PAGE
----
The pyrenoid is a carbon-fixing liquid droplet
A warming planet
Our planet’s climate is changing. Each year brings record high temperatures that cause extreme weather, melting polar ice and rising ocean levels. Global warming is intensified by greenhouse gasses such as carbon dioxide, which prevent the escape of heat from our atmosphere. Using energy from the sun in a process called photosynthesis, plants and algae act as natural air filters, removing carbon dioxide from the atmosphere while replacing it with the oxygen that we breathe. About half of the photosynthesis on Earth is performed in the ocean by single-celled algae. Many of these algae fix carbon dioxide more efficiently than land plants by concentrating most of their Rubisco into a microcompartment called a pyrenoid. Despite the importance of the pyrenoid to the global environment, until recently, it was unknown how this microcompartment assembles.
Visualizing every Rubisco within the pyrenoid
The first breakthrough in understanding pyrenoid assembly came when the team of Martin Jonikas, leader of the Carnegie/Stanford and Princeton groups, identified a linker protein in the green alga Chlamydomonas that binds Rubisco enzymes together within the pyrenoid. Without this “molecular glue,” the pyrenoid does not form. However, it was not known how the Rubisco proteins are organized within the pyrenoid, with classical electron microscopy studies suggesting that the pyrenoid is a highly ordered solid crystal.
To answer this question, the team lead by Benjamin Engel at the Max Planck Institute of Biochemistry used cryo-electron tomography to examine the molecular organization of the pyrenoid within Chlamydomonas cells that were frozen in their native state, avoiding the artefacts caused by sample preparation for classical electron microscopy. This high-resolution imaging technique enabled Engel and colleagues to precisely measure the positions of the thousands of Rubisco enzymes within the pyrenoid. Instead of crystalline organization, they found that the pyrenoid only has short-range order. Engel explains this result: "If you compare our measurements to the organization of molecules inside liquids, there are very clear similarities. This suggests that pyrenoids are actually liquid-like structures."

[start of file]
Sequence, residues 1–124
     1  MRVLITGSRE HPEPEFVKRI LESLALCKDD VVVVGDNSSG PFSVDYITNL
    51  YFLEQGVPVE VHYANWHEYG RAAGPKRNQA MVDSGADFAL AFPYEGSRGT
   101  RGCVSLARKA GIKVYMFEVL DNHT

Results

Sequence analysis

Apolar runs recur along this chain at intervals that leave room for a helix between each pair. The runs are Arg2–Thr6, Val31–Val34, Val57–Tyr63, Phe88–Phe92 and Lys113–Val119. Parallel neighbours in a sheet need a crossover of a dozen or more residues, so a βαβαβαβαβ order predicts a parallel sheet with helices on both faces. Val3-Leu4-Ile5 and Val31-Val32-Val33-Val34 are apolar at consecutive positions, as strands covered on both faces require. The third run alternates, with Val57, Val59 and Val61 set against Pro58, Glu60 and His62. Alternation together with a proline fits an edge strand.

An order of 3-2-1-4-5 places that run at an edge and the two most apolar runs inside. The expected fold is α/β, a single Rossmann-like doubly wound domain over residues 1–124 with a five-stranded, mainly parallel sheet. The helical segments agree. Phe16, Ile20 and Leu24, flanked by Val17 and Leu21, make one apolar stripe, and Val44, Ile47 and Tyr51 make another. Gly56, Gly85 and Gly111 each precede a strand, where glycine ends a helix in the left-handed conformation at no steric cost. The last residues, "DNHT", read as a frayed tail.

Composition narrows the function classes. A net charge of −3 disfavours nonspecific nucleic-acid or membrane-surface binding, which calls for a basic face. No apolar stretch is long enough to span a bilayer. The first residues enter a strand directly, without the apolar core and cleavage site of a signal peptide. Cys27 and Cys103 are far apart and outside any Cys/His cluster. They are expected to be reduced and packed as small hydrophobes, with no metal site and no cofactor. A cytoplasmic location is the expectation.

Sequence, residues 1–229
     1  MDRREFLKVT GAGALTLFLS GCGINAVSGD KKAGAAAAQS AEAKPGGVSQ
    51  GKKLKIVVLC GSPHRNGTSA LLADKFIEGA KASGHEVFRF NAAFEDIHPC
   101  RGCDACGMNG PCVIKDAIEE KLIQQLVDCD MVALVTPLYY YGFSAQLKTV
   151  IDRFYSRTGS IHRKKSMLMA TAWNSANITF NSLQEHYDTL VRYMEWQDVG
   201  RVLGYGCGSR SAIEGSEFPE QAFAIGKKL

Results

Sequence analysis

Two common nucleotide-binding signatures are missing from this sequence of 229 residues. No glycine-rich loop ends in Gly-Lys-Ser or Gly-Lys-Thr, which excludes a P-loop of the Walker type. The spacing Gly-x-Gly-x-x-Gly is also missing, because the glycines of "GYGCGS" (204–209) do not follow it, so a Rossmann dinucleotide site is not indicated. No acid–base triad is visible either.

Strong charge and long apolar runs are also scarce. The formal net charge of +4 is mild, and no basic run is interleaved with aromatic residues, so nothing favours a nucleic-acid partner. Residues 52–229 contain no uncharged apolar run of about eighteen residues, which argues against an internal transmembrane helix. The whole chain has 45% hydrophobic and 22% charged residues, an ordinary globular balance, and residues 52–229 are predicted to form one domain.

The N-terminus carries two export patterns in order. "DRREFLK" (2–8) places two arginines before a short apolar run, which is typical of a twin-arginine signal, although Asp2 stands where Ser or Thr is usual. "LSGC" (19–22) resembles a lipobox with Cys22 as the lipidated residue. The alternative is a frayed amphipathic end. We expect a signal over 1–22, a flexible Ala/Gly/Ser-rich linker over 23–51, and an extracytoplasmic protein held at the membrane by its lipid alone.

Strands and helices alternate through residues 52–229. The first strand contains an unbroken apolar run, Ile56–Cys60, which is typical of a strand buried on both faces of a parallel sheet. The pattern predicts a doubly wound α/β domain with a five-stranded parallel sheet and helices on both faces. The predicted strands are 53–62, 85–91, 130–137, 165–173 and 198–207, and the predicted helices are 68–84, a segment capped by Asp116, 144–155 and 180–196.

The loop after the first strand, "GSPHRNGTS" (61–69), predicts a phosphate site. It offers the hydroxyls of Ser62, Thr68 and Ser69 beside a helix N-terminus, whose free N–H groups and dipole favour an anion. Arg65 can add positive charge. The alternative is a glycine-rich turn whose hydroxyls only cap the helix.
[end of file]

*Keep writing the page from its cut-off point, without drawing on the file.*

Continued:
Like oil and water
In order to prove that the pyrenoid behaves like a liquid, Elizabeth Freeman Rosenzweig, first author of the study, used fluorescence microscopy to measure Rubisco movement within living cells. She used a high-powered laser to destroy the signal from fluorescent labels attached to Rubisco in half of the pyrenoid, while leaving the signal in the other half of the pyrenoid intact. Within minutes, the fluorescence spread throughout the pyrenoid, showing that the enzymes move around as they would in a liquid. Thus, the pyrenoid is a liquid microcompartment floating within a second larger liquid compartment, the chloroplast. This is an example of “phase separation,” a physical phenomenon that has recently been shown to play a role in compartmentalizing many of the cell’s proteins. Freeman Rosenzweig uses an analogy to explain how it works: “Although the forces that cause the pyrenoid’s phase separation are different, it is easy to think about it terms of a familiar image: a dish of oil and vinegar that you might get at an Italian restaurant. The oil and vinegar are both liquids, but they don’t mix. The vinegar instead forms droplets that float in the pool of oil. Similarly, we think the pyrenoid forms a droplet within the liquid environment of the chloroplast.”
Freeman Rosenzweig also discovered that there is a special time when the “oil” of the chloroplast stroma and the “vinegar” of the pyrenoid do mix. As the single-celled algae divide into two daughter cells, the pyrenoid undergoes a “phase transition,” partially dissolving into the surrounding stroma of the chloroplast. Ordinarily, the remaining pyrenoid is pinched into two, with each daughter cell receiving half. However, sometimes this division fails, leaving one of the daughter cells with no pyrenoid. The researchers observed that cells that failed to receive half of the pyrenoid could still form one spontaneously, or “de novo.” They suspect that each daughter cell receives some of the dissolved pyrenoid components, and that these components can condense into a new pyrenoid the way that raindrops condense from water vapor. “We think the pyrenoid dissolution before cell division and condensation after division may be a redundant mechanism to ensure that both daughter cells get pyrenoids,” Jonikas said. “That way, both cells will have this key organelle that's critical for assimilating carbon.”
Better crops for a changing world
Jonikas and his team have big plans for the applications of this knowledge. They want to engineer pyrenoids into crops such as wheat and rice to address problems including climate change and world hunger. “Understanding how algae can concentrate carbon dioxide is a key step toward the goal of improving photosynthesis in other plants,” Jonikas said. “If we could engineer other crops to concentrate carbon, we could address the growing world demand for food.” The Jonikas group has even created their own mascot, Sammy the Chlamy, who uses a music video to teach us about the power of the pyrenoid:
Some portions of this article were provided courtesy of the Princeton University Office of Communications.
E.S. Freeman Rosenzweig, B. Xu, L. Kuhn Cuellar, A. Martinez-Sanchez, M. Schaffer, M. Strauss, H.N. Cartwright, P. Ronceray, J.M. Plitzko, F. Förster, N.S. Wingreen, B.D. Engel, L.C.M. Mackinder & M.C. Jonikas. “The Eukaryotic CO2-Concentrating Organelle is Liquid-Like and Exhibits Dynamic Reorganization”. Cell, September 2017